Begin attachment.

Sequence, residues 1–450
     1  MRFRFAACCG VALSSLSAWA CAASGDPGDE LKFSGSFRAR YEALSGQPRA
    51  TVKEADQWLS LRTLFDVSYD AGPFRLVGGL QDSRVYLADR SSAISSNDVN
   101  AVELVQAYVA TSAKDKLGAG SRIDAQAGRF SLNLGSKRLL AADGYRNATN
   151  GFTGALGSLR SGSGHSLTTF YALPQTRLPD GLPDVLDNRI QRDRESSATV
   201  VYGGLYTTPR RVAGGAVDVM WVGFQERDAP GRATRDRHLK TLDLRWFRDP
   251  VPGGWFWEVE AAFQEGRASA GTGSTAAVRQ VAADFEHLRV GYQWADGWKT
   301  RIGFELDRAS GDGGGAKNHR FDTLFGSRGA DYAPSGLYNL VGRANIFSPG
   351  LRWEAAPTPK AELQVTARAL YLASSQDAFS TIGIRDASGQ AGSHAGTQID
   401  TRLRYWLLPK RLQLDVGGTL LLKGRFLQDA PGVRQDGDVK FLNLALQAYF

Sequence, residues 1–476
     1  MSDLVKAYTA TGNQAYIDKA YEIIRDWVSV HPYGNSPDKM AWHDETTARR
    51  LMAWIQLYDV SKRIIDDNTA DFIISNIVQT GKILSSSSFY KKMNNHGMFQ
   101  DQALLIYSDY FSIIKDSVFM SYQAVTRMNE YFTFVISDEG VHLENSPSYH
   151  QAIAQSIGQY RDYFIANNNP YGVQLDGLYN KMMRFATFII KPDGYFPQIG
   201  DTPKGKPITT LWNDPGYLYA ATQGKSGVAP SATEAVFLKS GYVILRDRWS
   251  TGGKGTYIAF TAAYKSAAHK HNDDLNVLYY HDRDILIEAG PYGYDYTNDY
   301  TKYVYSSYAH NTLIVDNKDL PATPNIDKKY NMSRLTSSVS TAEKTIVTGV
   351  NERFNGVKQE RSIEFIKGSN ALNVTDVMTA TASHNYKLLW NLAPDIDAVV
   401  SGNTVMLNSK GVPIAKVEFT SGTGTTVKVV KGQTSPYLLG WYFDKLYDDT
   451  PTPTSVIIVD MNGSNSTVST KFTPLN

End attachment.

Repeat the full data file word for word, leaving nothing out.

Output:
Sequence, residues 1–450
     1  MRFRFAACCG VALSSLSAWA CAASGDPGDE LKFSGSFRAR YEALSGQPRA
    51  TVKEADQWLS LRTLFDVSYD AGPFRLVGGL QDSRVYLADR SSAISSNDVN
   101  AVELVQAYVA TSAKDKLGAG SRIDAQAGRF SLNLGSKRLL AADGYRNATN
   151  GFTGALGSLR SGSGHSLTTF YALPQTRLPD GLPDVLDNRI QRDRESSATV
   201  VYGGLYTTPR RVAGGAVDVM WVGFQERDAP GRATRDRHLK TLDLRWFRDP
   251  VPGGWFWEVE AAFQEGRASA GTGSTAAVRQ VAADFEHLRV GYQWADGWKT
   301  RIGFELDRAS GDGGGAKNHR FDTLFGSRGA DYAPSGLYNL VGRANIFSPG
   351  LRWEAAPTPK AELQVTARAL YLASSQDAFS TIGIRDASGQ AGSHAGTQID
   401  TRLRYWLLPK RLQLDVGGTL LLKGRFLQDA PGVRQDGDVK FLNLALQAYF

Sequence, residues 1–476
     1  MSDLVKAYTA TGNQAYIDKA YEIIRDWVSV HPYGNSPDKM AWHDETTARR
    51  LMAWIQLYDV SKRIIDDNTA DFIISNIVQT GKILSSSSFY KKMNNHGMFQ
   101  DQALLIYSDY FSIIKDSVFM SYQAVTRMNE YFTFVISDEG VHLENSPSYH
   151  QAIAQSIGQY RDYFIANNNP YGVQLDGLYN KMMRFATFII KPDGYFPQIG
   201  DTPKGKPITT LWNDPGYLYA ATQGKSGVAP SATEAVFLKS GYVILRDRWS
   251  TGGKGTYIAF TAAYKSAAHK HNDDLNVLYY HDRDILIEAG PYGYDYTNDY
   301  TKYVYSSYAH NTLIVDNKDL PATPNIDKKY NMSRLTSSVS TAEKTIVTGV
   351  NERFNGVKQE RSIEFIKGSN ALNVTDVMTA TASHNYKLLW NLAPDIDAVV
   401  SGNTVMLNSK GVPIAKVEFT SGTGTTVKVV KGQTSPYLLG WYFDKLYDDT
   451  PTPTSVIIVD MNGSNSTVST KFTPLN